Part 2 of a two-part series on labor issues in Texas.
AUSTIN, Tex.—“Texas isn’t a state now where people just live out on the prairie with the tumbleweeds driving by,” state AFL-CIO President Rick Levy says. “It’s a heavily urbanized state, and in urban regions, progressive forces have a much greater influence and much greater power.” For example, Harris County, which includes Houston and its inner suburbs, has almost 4.7 million people, more than 25 states, and both Houston and Dallas are “completely Democratic-controlled.”
That urban-rural divide is now “the greatest fault line in Texas politics,” he says. “Where does the power lie—in cities or with the state? That’s going to be the defining battle for a number of years to come.”
In 2003, he explains, the state was one of the first to pass laws pre-empting local governments from raising the minimum wage, after an unsuccessful ballot initiative to increase it in Houston. In 2015, Gov. Greg Abbott signed a bill defining employees of app-based taxi services such as Uber and Lyft as independent contractors. This year, bills were introduced in the Legislature to pre-empt local anti-discrimination ordinances; environmental initiatives such as bans on fracking; payday-lending regulations; and the ordinances enacted by Austin, San Antonio, and Dallas that require employers to let workers earn paid sick leave. The sick-leave pre-emption bill passed the state Senate, but “we were able to defend that” and prevent it from getting through the House, he says. The Austin law is on hold, pending the outcome of a legal challenge.
“Our goal this cycle is to actually take the Texas House,” Levy says. “That would allow us to have a Speaker that would represent our interests in all this legislative stuff, but also obviously for redistricting.” Democrats gained 12 seats in the 2018 elections, bringing the Republican majority down to 83-67, and he says there are 14 or 15 GOP-held seats within reach.
Still, he adds, “it’s really important to build an independent political voice for our movement and not just be with the Democrats.” The AFL-CIO endorsed Republican legislators who helped stop attempts to eliminate dues checkoff for most public-sector workers, and initially did not support Democrat Beto O’Rourke when he ran for the Senate against Republican Ted Cruz in 2018.
Some unions had concerns about O’Rourke’s record, Levy says, and when he was invited to the federation’s Committee on Political Education convention, “he didn’t show up.”
To O’Rourke’s credit, Levy adds, he called and said “’You know, I screwed up. What do I need to do?’ I said, ‘You need to go talk to all these people in different parts of the state and find out what they care about, and if you do that, we’ll have another meeting, and we’ll reconsider.’”
He did, and the federation endorsed him—“but it was a process that I think reflected that we don’t want to be just taken for granted, we want people who are going to be our champions, not people who are just going to have a certain letter behind their name.”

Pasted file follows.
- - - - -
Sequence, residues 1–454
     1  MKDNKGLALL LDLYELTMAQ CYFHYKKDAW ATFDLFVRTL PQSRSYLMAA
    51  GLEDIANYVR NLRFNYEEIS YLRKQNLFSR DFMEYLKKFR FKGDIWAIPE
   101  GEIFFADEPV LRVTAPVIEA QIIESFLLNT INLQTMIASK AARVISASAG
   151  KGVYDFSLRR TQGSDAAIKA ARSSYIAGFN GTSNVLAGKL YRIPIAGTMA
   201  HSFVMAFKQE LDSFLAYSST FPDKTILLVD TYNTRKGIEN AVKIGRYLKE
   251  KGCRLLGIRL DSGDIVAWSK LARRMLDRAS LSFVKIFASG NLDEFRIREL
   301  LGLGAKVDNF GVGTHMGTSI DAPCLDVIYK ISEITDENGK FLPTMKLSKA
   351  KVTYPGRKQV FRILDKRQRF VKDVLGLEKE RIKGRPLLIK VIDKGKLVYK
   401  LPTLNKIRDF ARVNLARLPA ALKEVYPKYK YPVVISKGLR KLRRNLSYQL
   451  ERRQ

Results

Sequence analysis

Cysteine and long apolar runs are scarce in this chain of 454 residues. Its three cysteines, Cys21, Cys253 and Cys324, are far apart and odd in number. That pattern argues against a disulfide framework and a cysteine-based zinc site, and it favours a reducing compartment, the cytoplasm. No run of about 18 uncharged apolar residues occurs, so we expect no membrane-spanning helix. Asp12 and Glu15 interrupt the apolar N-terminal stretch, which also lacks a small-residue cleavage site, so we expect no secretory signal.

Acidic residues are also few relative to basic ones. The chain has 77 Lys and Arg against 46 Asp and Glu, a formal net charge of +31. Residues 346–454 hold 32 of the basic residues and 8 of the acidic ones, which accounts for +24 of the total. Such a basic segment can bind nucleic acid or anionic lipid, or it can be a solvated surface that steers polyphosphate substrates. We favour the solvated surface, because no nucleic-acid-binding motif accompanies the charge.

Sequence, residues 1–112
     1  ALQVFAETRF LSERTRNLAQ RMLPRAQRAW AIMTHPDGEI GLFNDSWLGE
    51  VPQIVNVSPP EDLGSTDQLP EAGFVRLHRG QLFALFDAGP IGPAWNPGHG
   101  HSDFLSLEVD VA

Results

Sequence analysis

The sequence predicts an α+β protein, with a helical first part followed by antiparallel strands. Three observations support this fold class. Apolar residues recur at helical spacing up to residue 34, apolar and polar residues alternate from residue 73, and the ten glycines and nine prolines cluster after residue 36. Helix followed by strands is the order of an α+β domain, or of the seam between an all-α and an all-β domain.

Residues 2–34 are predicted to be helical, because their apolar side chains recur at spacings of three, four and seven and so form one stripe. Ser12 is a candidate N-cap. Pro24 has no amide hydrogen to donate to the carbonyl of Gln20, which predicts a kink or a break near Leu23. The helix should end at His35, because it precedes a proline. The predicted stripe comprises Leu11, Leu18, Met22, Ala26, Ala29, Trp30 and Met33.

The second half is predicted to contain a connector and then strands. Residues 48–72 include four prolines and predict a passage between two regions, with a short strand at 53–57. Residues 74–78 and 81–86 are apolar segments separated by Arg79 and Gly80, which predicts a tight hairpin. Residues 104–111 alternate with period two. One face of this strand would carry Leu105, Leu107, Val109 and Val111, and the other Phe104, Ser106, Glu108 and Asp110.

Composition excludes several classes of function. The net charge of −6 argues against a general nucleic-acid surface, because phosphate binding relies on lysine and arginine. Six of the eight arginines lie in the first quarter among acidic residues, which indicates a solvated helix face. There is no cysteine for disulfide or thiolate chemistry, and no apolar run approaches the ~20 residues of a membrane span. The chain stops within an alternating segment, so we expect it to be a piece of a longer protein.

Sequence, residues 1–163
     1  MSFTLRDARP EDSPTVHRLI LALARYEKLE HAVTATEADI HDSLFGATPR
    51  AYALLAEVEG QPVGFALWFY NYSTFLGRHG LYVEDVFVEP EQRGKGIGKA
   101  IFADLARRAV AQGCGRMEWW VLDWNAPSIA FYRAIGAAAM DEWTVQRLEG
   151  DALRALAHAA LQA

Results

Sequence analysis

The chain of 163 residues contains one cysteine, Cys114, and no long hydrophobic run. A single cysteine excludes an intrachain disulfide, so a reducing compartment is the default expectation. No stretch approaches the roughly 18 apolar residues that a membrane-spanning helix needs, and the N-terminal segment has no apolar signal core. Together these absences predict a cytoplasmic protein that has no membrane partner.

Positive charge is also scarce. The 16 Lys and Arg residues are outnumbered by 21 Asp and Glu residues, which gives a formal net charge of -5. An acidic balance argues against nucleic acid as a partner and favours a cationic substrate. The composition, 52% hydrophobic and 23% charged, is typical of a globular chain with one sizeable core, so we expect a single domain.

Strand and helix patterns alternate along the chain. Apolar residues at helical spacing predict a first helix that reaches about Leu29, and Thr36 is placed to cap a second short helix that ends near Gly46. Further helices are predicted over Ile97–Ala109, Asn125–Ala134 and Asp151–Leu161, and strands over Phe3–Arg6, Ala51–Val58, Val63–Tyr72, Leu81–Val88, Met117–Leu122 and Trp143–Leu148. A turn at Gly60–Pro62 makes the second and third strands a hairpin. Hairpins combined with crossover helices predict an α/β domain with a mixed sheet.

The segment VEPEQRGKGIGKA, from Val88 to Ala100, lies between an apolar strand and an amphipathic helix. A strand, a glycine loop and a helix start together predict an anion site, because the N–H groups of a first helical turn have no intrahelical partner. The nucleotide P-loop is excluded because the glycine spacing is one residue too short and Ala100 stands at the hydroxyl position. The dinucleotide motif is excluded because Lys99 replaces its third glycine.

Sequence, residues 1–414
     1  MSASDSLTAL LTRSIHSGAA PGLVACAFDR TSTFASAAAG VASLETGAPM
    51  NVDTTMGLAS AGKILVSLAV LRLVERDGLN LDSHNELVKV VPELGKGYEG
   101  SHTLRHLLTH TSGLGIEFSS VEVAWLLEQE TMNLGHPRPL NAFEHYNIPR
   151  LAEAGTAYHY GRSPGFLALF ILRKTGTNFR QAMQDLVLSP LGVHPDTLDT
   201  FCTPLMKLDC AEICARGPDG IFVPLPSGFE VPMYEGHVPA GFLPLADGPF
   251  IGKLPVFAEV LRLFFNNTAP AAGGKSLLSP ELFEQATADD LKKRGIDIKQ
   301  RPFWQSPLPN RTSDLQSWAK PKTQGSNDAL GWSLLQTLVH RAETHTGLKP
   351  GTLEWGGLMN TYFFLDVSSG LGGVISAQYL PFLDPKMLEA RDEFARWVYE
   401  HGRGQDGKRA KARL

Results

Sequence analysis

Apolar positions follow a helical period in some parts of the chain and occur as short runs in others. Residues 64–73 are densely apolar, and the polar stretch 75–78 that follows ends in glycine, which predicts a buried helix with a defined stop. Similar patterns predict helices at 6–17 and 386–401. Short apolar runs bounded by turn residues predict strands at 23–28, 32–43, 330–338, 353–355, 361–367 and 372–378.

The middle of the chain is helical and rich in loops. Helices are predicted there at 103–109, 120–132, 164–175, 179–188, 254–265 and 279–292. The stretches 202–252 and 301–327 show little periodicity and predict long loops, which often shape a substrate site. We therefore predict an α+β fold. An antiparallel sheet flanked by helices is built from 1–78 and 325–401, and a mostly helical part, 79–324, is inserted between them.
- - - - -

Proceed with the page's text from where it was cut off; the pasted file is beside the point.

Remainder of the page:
The federation started talking to voters about what issues they cared about a year and a half before the 2018 election, Levy says, and “when it was time to turn out the vote, we had a relationship with them.” Statewide turnout rose to 46%, but among the people, “both members and nonmembers, that we actually spoke to in our get-out-the-vote effort, it was 83%. What it really demonstrated to us was that if you talk to people on a deep level about what’s going on in their lives, you can mobilize people to get involved.”
The federation used those conversations to develop its “Fair Shot” agenda, announced in January. Levy describes it as a “constellation of issues.” It includes raising the minimum wage and public employee pay, strengthening collective bargaining, ending the misclassification of workers as independent contractors, and making sure every Texan is covered by workers compensation. It also calls for moving toward universal health care, voting rights, increasing funds for public education, and protecting workers regardless of their immigration status.
“The biggest problem that we have is people feeling that politics is not something that can change their lives in a positive way,” Levy says. So unions need to demonstrate that it can “if they get involved and they get engaged,” and by delivering when they do.
For an anecdotal example, he cites a coach at the Austin gym where he works out. When told that the City Council had enacted a law that gave workers the right to earn paid sick leave, the man responded, “You mean the government’s actually going to do something that’s gonna help us?”
Essential to achieving that change, he adds, is creating a “critical mass of people who understand what we need to do for the future.” At the Aug. 13 protest by LSG Sky Chefs workers outside American Airlines’ headquarters in Fort Worth, he says he was “so proud” that “not only were there people there from Austin and Houston and Amarillo, for God’s sakes, coming in to support those folks, but the Transport Workers were there, the Flight Attendants were there, the Teamsters were there. That’s the kind of movement we’re trying to build, that when one union has a struggle, everybody shows up. I think that’s happening more and more.”